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Gandhi biography discussing his sexuality is banned in some Indian states

Pulitzer Prize winner Joseph Lelyveld says reviews of "Great Soul," his book about Gandhi, are distorting the truth.

By Husna Haq / March 30, 2011

Did Mahatma Gandhi have a homosexual relationship? The suggestion that he did is causing some Indian states to ban sales of "Great Soul" by Joseph Lelyveld.


The salacious headlines keep on coming: “Gandhi left his wife to live with a male lover' new book claims.” “Book claims German man was Gandhi's secret love.”

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Book Claims Gandhi Was in Love With a Jewish Bodybuilder.”

The lurid press coverage is behind the decision of several Indian states to ban – or consider banning – a new book about Mahatma Gandhi after reviews suggested the revered Mahatma had a homosexual relationship.

The state assembly of Gujarat, where Gandhi was born, voted unanimously to immediately ban Joseph Lelyveld’s “Great Soul: Mahatma Gandhi and His Struggle With India” with many other states like Maharastra keen to follow suit.

Because the book has not yet been released in India, the outcry and resulting bans are based on US and UK book reviews – some accompanied by headlines like those above – that suggest Gandhi had an intimate relationship with German-Jewish bodybuilder Hermann Kallenbach.

It’s a scandalous implication anywhere, but especially in India where Gandhi is revered as a national hero, saint, and father of India’s independence – and where homosexuality still carries a stigma. Homosexuality was decriminalized recently in India, in 2009, but it remains a highly sensitive issue among the country’s socially conservative masses.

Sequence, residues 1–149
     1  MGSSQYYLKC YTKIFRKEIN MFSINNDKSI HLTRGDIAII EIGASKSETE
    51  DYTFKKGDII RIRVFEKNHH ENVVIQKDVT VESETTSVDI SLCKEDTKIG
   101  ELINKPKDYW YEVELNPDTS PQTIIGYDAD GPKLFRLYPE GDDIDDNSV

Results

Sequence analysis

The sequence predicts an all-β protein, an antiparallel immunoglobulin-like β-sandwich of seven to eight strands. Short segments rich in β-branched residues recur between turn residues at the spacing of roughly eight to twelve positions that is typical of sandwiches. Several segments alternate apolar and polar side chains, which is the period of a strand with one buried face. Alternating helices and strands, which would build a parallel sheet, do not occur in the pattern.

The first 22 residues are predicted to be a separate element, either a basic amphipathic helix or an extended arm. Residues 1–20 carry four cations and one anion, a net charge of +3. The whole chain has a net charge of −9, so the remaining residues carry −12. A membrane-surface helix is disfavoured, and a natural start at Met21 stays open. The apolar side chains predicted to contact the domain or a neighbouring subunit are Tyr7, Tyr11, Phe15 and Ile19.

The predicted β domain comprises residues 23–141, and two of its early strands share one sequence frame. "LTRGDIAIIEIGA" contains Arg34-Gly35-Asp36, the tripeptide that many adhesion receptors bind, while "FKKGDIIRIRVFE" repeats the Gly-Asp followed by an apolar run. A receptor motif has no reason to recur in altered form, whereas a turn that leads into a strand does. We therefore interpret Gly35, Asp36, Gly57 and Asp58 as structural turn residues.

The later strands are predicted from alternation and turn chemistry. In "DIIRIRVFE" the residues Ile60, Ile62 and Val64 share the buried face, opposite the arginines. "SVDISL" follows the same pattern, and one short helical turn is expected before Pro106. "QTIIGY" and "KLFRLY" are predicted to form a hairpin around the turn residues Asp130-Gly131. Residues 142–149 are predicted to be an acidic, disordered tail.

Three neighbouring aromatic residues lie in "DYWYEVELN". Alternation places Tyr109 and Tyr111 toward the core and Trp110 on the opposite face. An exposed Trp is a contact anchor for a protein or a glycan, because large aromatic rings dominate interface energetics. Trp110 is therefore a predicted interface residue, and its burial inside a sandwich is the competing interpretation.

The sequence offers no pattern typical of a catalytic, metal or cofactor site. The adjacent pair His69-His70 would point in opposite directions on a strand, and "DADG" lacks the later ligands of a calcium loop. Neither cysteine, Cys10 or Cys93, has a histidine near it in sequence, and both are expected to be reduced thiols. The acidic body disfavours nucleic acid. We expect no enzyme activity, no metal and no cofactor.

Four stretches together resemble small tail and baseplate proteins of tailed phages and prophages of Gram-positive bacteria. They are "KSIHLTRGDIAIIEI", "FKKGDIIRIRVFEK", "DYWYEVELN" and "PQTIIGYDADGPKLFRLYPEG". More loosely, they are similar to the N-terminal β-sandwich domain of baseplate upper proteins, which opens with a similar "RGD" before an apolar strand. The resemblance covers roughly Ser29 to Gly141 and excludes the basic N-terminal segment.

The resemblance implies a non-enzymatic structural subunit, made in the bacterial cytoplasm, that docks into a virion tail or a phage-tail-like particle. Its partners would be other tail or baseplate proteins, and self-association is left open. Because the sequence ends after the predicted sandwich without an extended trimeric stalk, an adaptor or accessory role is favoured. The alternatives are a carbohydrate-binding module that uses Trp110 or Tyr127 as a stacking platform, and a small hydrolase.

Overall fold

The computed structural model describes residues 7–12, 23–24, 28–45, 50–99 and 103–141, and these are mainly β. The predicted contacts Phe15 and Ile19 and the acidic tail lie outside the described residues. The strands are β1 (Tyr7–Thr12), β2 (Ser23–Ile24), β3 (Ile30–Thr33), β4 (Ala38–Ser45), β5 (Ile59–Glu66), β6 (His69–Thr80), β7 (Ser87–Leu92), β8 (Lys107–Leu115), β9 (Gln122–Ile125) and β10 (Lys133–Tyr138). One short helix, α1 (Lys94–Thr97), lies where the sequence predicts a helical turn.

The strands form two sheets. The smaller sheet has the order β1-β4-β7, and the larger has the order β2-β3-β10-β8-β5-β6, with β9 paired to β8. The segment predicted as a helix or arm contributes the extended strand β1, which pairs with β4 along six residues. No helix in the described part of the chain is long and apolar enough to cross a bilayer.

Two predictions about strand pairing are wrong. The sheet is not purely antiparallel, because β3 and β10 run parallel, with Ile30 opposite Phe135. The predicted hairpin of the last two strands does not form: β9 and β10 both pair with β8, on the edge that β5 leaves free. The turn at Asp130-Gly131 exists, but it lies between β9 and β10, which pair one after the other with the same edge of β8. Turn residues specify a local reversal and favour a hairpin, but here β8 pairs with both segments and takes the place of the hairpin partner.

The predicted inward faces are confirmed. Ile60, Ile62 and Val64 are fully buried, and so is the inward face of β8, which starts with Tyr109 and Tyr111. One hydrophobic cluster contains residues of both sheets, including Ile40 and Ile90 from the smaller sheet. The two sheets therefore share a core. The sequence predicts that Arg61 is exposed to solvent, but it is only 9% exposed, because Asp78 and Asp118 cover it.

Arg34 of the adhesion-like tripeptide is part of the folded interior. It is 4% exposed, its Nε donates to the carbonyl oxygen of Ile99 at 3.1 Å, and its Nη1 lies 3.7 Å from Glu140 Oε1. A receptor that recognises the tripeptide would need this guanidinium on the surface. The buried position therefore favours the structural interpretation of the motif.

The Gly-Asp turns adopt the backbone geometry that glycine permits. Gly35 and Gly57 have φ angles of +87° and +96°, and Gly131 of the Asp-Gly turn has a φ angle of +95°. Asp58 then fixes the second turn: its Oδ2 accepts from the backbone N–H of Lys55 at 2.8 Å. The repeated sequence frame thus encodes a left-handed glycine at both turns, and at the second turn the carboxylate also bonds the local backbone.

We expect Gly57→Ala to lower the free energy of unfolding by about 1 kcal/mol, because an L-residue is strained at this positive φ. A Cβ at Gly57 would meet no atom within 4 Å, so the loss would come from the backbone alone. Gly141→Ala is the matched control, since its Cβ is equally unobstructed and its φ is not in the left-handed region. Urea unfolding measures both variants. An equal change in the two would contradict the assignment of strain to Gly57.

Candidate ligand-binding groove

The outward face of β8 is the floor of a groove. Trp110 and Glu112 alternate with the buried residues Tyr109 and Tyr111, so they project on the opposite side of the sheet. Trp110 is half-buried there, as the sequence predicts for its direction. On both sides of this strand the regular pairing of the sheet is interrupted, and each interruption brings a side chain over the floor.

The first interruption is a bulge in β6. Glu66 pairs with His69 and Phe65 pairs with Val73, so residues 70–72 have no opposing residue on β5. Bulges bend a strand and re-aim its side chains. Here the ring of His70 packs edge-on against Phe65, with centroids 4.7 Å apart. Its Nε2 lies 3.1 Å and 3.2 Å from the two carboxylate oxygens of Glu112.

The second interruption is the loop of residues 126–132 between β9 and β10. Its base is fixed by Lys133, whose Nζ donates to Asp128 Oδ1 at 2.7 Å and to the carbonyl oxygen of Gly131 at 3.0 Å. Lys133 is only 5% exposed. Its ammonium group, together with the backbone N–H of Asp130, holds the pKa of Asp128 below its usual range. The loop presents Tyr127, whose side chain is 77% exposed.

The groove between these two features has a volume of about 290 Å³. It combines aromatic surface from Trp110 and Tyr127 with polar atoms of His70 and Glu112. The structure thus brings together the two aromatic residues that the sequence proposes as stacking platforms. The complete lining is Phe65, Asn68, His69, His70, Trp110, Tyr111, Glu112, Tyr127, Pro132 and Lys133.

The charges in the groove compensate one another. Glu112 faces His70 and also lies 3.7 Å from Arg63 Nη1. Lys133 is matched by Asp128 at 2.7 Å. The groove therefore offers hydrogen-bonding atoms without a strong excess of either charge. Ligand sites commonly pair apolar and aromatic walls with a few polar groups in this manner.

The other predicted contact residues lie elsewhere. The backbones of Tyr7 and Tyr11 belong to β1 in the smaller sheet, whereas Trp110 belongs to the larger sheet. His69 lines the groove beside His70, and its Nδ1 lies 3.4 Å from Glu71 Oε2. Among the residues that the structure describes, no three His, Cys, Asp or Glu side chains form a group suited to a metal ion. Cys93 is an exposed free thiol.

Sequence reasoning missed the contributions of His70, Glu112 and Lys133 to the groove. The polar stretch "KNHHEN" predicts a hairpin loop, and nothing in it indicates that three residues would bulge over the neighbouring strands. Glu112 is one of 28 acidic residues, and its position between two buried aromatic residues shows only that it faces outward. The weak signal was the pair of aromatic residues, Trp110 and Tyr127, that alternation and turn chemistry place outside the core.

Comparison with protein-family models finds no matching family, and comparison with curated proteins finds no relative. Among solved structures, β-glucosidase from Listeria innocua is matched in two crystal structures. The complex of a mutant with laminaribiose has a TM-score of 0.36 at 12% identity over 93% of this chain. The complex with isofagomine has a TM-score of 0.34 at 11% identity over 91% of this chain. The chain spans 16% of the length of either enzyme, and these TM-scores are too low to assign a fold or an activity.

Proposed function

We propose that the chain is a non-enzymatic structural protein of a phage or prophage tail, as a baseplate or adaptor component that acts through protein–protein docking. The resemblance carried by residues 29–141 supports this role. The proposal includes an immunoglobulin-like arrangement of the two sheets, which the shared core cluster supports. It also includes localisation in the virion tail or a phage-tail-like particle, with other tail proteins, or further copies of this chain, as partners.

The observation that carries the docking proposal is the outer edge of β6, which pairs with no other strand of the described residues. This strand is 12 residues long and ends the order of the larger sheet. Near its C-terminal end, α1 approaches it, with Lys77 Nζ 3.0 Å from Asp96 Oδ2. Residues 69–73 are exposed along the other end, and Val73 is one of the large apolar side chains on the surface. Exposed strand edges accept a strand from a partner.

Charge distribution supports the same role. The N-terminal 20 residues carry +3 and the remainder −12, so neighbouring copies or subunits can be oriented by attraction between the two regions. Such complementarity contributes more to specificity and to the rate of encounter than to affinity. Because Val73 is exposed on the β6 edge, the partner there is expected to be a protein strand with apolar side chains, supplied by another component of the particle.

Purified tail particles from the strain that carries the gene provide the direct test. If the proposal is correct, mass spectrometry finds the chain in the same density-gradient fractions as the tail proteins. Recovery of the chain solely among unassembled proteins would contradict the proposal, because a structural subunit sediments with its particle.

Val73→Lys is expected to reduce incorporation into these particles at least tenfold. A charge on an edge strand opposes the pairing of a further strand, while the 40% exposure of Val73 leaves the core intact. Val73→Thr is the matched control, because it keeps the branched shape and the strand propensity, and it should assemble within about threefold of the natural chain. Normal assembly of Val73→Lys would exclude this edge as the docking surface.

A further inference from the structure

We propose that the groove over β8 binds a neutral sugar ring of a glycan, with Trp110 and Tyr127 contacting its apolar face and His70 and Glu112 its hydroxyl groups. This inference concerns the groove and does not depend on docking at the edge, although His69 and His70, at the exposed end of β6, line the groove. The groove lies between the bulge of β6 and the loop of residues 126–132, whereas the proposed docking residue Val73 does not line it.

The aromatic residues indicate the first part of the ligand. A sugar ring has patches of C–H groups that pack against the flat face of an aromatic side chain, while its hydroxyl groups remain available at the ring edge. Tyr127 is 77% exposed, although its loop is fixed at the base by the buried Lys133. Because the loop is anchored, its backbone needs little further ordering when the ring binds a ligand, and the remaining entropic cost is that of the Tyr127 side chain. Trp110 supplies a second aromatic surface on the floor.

And the suggestion Gandhi had a homosexual relationship has sparked outrage in India.

“The depiction about Mahatma Gandhi made by Joseph Lelyveld deserves to be despised,” Narendra Modi, chief minister of Gujarat State, wrote on his blog. “This shall not be tolerated under any circumstance.”

“Gandhiji was a respected leader and is known as the father of nation. He led the freedom movement of India. The government will initiate steps to ensure that the book is not published in the state,” Maharashtra Industries Minister Narayan Rane told the Legislative Council today.

“It has become a fashion to tarnish the image of great Indian leaders for self publicity and sale of books,” said Sanjay Dutt, spokesman for the ruling Congress Party in Maharashtra, according to the Associated Press. “The government should invoke a law to severely punish anyone who tarnishes the image of the father of the nation.”

But Mr. Lelyveld insists the only tarnishing happening is by headline-seeking reviewers unfairly portraying his book.


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